Landscape Architect & Specifier News

JUN 2015

LASN is a photographically oriented, professional journal featuring topics of concern and state-of-the-art projects designed or influenced by registered Landscape Architects.

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Page 75 of 157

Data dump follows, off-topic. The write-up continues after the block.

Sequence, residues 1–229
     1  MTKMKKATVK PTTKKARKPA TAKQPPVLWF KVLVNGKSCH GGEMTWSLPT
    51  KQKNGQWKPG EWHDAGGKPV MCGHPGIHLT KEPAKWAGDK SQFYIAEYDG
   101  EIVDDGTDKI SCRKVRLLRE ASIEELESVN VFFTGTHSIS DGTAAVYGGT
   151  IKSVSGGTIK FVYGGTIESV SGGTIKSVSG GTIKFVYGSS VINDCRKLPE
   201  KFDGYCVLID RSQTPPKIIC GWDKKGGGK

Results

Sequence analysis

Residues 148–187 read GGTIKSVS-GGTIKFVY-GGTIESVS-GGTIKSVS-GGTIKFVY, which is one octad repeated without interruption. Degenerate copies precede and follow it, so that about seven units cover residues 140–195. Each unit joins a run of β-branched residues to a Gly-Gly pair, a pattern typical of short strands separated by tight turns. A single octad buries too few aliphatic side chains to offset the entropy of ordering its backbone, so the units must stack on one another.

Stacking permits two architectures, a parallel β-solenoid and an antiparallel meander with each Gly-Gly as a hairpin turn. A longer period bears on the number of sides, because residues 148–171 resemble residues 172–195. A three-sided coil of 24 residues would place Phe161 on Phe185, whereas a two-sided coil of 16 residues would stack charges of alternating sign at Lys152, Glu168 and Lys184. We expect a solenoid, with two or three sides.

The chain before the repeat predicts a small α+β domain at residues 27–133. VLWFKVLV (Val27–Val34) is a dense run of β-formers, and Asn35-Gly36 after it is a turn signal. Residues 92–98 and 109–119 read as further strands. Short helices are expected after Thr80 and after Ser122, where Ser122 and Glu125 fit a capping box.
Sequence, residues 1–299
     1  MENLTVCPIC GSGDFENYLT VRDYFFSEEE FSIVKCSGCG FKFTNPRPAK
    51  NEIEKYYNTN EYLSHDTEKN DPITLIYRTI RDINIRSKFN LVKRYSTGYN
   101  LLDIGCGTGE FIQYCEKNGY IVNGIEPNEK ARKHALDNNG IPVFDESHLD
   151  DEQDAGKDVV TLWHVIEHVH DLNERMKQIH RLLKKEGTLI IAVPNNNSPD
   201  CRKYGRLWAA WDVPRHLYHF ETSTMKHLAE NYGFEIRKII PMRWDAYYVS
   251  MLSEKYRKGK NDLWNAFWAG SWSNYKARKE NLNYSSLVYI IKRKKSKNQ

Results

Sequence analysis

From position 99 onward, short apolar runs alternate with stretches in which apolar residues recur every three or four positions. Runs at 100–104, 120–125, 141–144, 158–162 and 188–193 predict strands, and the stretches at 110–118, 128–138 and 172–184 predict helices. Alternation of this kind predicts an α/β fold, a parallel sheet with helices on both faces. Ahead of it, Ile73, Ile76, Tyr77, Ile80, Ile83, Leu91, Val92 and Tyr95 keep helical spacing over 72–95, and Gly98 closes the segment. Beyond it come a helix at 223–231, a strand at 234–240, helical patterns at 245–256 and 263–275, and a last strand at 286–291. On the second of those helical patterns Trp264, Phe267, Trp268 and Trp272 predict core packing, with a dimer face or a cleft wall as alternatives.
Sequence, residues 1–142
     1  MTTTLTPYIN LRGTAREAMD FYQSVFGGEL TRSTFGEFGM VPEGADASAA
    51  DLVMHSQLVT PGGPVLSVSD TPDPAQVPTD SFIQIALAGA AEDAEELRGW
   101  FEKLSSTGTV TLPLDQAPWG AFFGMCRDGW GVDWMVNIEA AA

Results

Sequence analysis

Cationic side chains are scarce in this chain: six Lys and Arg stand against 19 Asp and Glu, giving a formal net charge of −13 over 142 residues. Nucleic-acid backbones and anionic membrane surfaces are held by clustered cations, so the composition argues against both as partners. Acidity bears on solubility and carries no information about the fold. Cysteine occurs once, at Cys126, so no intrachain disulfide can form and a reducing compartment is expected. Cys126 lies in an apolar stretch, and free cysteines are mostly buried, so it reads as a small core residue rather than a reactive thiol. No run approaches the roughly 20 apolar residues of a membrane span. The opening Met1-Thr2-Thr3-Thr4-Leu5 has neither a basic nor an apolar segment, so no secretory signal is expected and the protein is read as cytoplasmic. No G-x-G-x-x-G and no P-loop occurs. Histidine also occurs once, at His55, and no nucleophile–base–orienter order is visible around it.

Above, Left The permeable paver parking lot has a dose of 'Kolbold' gayfeather, 'Kim's Knee' high purple coneflower, dwarf prairie dropseed and Arctic fire dogwood. Right The Rain Garden's horticulture is red and northern pin oaks, 'Heritage' river birch, sweet flag (a tall perennial wetland monocot), golden Alexanders (yellow flowering perennial forb), fox sedge (perennial wetland grass), 'Blue Flag' Iris, and Spike Blazingstar, with 'Annabelle' hydrangea in the background. Below, Right A bike lane bisects the site, connecting the east side of the site to the parking lot; bicycle racks occupy the west end of the site. handicapped accessible. The 4,000 plus gallon cistern collects rainwater from the school's roof. A water gauge is mounted on the outside of the cistern showing how many feet of water have been collected. Gardeners can use 3 hose spigots at the base of the cistern to water the community garden plots, while overflow is released into the biology garden. The classroom/picnic plaza has cluster seating for 74 people with 4 handicapped accessible seats. Protected existing trees along the 77th Street parkway and newly planted trees throughout the site help to define space, provide shade, sequester carbon, improve air quality and improve the quality of life for site users. A specimen beech tree, affectionately called the "Knowledge Tree", is a prominent feature in the secondary entrance plaza. The "Knowledge Tree" complements the purple brick color of the architecture as do other herbaceous and deciduous plants used in a variety of locations around the building. Plants used around the site are thornless, non-poisonous, and produce little fruit if near paved or other developed areas. Shrub species are predominantly dwarf in character for security clearances. The highly diverse native plant palette makes the site function as an urban botanic garden for the STEM Academy's biology students. The use of potable water was minimized. No permanent irrigation system was installed. A water main line with quick couplers are located every 100' throughout the site for plant establishment and to maintain sport surfaces. Hose bibs are also provided around the building fa├žade. The extensive vegetated green roofs are a system of monolithic continuous media layers using sedum tiles. On the larger green roof area, expanded polystyrene foam shapes a berm to conceal an expansion joint and create visual interest from inside the school. 76 Landscape Architect and Specifier News (Continued on page 78)

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